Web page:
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Human-computer interfaces have built-in assumptions about how people construct temporal events. The subjective experience of time is dynamically variable in ways that suggest an internal logic. Because time is a vital resource, the subjective experience of time can be studied as an orderly outcome of darwinian natural selection. For example, numerous studies show that people commonly experience time dilation as a function of task complexity, motivation, and affect. Task complexity involves attending to a large number of simultaneous dimensions, creating an intense experience of an extended present -- a nunc stans across which information must be integrated. High levels of immersion into imaginative simulations create high levels of brain activation correlated with superior learning outcomes. In task complexity, time is a critical resource, and the subjective experience is to maximize every moment, leading to a subjective experience of time slowing down. These states of mind can be deliberately induced through interface design and communicative techniques; for instance, television news relies on the construction of blended joint attention to draw viewers into the story and engage them at a high level of activation. Such immersion is associated with intrinsic enjoyment and high levels of attention. In contrast, low levels of task complexity are associated with negative affect, boredom, and the subjective experience that time has slowed to a crawl.

Cognitive linguistics and media studies provide us with the tools and the datasets to systematically explore the subjective experience of time and develop a principled understanding of this complex phenomenon. This will in turn allow us to make systematic and principled improvements to human-machine interfaces and communication technologies, leading to the development of a new generation of innovations in these vital fields. Therefore, various benefits can be derived from a concepts of time initiative with sufficient scope to include research on temporal experience: a better understanding of temporal experience itself, an improvement of productivity in human-machine interaction, and a substantial progress in the study of the rhetorical procedures that guide and influence the feeling of time.

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Perhaps, your goals are really too broad and ambitious. In my opinion, the obvious scientific community to involve are metrologists. They do use quantum technologies in a sound way and their results can be easily transferred from early ideas to higher technology readiness levels. My suggestion is to make this topic more focused and invite future applications for new methods for time measurement. This if you just want to stick to time. But, as you probably know, we do need new methods for measuring mass as well. As far as I know, the kilogram is the only SI unit still defined using an artefact.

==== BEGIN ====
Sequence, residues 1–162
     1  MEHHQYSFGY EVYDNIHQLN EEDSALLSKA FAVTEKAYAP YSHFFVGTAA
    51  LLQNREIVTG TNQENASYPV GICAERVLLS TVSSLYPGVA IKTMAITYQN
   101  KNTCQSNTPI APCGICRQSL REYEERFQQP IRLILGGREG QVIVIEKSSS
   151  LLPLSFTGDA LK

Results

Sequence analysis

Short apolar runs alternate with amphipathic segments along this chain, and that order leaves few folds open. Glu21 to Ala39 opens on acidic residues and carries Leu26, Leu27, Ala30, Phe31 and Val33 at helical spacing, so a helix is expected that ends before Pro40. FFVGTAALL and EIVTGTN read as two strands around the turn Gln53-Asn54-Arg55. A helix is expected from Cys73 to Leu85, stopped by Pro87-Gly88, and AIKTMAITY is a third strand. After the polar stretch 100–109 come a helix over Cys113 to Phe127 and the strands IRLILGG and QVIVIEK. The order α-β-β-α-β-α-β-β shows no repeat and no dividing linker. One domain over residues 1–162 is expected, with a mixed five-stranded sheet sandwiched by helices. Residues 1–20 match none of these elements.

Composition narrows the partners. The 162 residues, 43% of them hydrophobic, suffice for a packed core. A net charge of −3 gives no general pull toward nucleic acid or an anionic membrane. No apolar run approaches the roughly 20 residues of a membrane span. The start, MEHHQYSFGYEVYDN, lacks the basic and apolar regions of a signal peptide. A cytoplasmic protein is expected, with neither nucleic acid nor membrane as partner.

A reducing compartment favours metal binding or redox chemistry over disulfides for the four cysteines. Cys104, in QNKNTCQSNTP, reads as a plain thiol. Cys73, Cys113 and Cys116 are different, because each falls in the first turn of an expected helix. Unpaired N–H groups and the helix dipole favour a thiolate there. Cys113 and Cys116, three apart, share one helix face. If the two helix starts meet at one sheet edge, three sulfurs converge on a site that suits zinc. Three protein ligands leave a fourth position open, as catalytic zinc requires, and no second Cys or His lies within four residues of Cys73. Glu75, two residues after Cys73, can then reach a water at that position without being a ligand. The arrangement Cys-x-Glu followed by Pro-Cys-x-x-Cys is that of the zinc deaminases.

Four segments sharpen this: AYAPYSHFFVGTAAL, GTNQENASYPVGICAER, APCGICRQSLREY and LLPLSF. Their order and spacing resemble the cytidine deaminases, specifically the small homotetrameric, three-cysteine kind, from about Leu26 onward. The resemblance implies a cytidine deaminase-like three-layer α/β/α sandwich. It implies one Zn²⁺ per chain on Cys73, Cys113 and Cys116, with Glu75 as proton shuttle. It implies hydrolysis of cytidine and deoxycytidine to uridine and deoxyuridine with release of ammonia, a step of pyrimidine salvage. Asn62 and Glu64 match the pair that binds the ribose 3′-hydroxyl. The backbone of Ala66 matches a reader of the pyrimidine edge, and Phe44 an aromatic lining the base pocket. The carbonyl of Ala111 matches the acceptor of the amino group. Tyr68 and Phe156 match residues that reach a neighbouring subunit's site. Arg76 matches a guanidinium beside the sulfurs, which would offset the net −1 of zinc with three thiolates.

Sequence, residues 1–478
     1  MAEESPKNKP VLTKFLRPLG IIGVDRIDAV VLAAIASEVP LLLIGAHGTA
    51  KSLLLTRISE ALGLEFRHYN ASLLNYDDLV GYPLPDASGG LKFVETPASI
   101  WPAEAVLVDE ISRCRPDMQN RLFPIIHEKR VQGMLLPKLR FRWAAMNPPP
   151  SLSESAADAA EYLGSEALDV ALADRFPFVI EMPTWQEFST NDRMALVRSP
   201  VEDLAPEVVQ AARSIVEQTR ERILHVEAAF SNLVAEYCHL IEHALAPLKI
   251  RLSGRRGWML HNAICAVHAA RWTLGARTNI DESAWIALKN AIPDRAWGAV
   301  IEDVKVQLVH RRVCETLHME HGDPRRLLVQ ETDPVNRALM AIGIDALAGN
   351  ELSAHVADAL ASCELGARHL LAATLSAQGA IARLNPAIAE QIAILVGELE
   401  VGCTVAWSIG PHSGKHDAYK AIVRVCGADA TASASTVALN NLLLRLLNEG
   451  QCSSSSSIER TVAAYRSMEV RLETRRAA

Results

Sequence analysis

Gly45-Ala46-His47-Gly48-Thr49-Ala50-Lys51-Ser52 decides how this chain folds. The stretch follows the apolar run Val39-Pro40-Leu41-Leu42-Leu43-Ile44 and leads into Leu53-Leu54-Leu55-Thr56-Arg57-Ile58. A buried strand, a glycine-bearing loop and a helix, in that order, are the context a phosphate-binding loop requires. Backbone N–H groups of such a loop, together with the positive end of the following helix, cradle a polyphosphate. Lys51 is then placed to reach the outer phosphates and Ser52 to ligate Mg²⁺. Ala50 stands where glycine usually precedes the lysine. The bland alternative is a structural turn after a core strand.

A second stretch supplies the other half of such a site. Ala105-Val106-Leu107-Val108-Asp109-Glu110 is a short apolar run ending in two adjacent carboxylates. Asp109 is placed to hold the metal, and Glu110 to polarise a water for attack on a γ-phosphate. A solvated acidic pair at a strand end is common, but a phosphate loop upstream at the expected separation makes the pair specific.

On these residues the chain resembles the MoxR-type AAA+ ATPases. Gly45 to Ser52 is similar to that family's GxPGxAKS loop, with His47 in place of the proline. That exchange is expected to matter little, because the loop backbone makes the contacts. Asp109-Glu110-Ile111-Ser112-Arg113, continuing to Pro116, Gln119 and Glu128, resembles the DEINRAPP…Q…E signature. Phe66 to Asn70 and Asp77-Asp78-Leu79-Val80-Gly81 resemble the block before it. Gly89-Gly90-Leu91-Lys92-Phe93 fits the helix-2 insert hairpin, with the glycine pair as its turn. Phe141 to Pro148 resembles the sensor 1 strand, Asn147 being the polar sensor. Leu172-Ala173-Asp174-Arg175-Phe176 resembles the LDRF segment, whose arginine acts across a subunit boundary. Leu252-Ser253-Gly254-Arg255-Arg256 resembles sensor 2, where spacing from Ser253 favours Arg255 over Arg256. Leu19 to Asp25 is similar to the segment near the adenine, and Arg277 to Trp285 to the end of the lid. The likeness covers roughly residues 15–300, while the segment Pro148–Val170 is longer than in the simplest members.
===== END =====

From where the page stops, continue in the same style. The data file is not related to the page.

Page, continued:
Finally, a disclaimer is needed. I am not a metrologist and I do not have friends working in metrology that can involve me in future proposals.

Best regards,

Enrico Scalas

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The proposed research topic, although broad in its current form, has the real potential to provide a bridge between C.P. Snow's 'two cultures' of science and the arts, and to use this for potential therapeutic applications of new technologies. Sciences like physics, biology and psychology all need concepts of time in order to understand how the material they investigate function. In physics this may be the rate of change over time of different motions to understand underlying forces, or in psychology the duration taken to perform different tasks to infer the processing requirements of the nervous system. In music or dance, change-over-time is essential as the vehicle for expression in performance. Moreover, recent advances have shown that in neurological conditions such as Parkinson's disease, or Autism, time perception and timing deficits may underlie functional or even social problems faced by people experiencing these conditions. Hence, there is a possibility to link the theoretical concerns of behavioral sciences, expressive arts and therapeutic interventions through the concept of time and purposeful timing, and in so doing, identify the needs for future technologies to support these links. What is needed, however, is work to develop a coherent framework to understand time that can be mapped onto different domains to allow transfer of ideas between different disciplines. This will require the synthesis of input from researchers and theorists from different areas of practice, as well as analysis of how this common framework can best be exploited in such areas.

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Time is a fundamental concept in physics, yet a very poorly understood one. For example, in quantum physics there is no operator for time. In Europe there is a vibrant community interested in issues related to the foundations of physics and its implication for epistemology and philosophy in general. A proactive initiative exploring the concept of time in physics would be very useful.

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DE TOUZALIN Aymard European Commission Future and Emerging Technology Unit Deputy Head of Unit
VAN DE VELDE Walter European Commission Future and Emerging Technologies Scientific Officer and FET Strategy
MARQUEZ-GARRIDO Beatrice European Commission Future & Emerging Technologies Unit Project Officer